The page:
Where the Boys Are spans a remarkably prolific 15-year period from 1956 until 1971, at which time Sedaka began in earnest to rekindle his solo career.  (1974’s Sedaka’s Back sealed the deal.)  His last hit in the U.S. had come in 1965, and he’d tried to make it over the next few years almost exclusively as a songwriter in an era when the Brill Building was waning and singer/songwriters were becoming the norm.  (It was lost on many that Sedaka had been writing his own material since he was a teenager.)  He had a great amount of success even after RCA Victor dumped his recording contract in 1966, and his songs, with and without Greenfield, were recorded by The Monkees, The 5th Dimension, The Cyrkle, Frankie Valli and more.  Ace’s, well, ace producers Mick Patrick and Tony Rounce tell that story from its very beginning.

Hit the jump for a look into the Brill Building hits of Sedaka and Greenfield! Read the rest of this entry »

Written by Joe Marchese

July 29, 2011 at 09:18

A Compilation to Leave You Speechless

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Here at The Second Disc, it’s always about the music. The team at Eric Records takes this mission seriously, too: its newest release provides three discs of nothing but music, with nary a lyric to be found.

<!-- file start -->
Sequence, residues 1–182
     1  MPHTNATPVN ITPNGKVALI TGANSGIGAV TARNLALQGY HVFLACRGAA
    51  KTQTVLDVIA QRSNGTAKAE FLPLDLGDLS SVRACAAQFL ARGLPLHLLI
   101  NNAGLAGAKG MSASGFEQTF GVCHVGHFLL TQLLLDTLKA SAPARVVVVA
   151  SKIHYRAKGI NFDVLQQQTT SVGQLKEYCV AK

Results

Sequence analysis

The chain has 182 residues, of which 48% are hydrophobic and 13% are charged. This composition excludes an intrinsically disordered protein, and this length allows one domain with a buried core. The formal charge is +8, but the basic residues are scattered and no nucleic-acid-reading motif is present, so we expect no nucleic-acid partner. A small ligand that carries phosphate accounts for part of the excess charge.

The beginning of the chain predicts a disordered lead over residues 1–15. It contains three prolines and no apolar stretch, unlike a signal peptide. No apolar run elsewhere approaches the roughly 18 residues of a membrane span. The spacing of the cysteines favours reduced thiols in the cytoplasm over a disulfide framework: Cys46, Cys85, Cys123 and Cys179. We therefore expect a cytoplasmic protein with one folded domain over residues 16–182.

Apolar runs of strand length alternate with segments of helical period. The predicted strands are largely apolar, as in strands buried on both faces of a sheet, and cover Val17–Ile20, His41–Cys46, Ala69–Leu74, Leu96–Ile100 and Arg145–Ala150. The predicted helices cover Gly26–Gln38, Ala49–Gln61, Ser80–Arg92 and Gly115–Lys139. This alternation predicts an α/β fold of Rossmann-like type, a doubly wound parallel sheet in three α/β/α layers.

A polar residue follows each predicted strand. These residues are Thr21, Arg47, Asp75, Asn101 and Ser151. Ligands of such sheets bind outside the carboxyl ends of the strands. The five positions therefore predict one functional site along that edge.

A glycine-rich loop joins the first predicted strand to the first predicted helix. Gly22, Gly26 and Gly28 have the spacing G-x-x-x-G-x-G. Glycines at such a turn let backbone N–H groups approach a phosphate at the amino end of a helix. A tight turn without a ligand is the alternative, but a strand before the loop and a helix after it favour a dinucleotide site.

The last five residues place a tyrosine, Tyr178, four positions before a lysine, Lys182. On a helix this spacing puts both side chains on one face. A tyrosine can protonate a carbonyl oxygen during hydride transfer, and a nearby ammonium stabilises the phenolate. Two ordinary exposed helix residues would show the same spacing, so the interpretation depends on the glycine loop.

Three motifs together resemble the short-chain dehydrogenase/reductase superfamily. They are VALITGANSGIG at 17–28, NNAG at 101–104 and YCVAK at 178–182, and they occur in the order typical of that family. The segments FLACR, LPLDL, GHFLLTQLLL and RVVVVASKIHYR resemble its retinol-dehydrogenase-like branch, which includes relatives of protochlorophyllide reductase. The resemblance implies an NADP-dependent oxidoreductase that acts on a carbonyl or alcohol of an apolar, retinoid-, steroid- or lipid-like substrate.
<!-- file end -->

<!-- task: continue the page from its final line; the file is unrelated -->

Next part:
Complete Pop Instrumental Hits of the Sixties, Volume 1 collates, for the first time on three CDs, every instrumental track that hit the Billboard Hot 100 in 1960. Some of them are chartbusters that we all know and love – Percy Faith’s “Theme from ‘A Summer Place’,” The Ventures’ “Walk – Don’t Run” – while others are rarities by artists relegated to the annals of history, from Duane Eddy and Bill Haley and His Comets to Bobby Darin and Santo and Johnny.

All 81 tracks are remastered from the original source material and, wherever possible, presented in stereo. (This led to at least one track, “Kommotion” by Duane Eddy and The Rebels, presented in stereo on CD for the first time anywhere; another 15 tracks also make their debut on the format.) There are also a few bonus tracks, including some songs that charted in 1960 but were released the year before, and both mono and stereo versions of the theme to the long-running series 77 Sunset Strip. The set is augmented by a 28-page booklet featuring biographical info on each artist and track-by-track release information.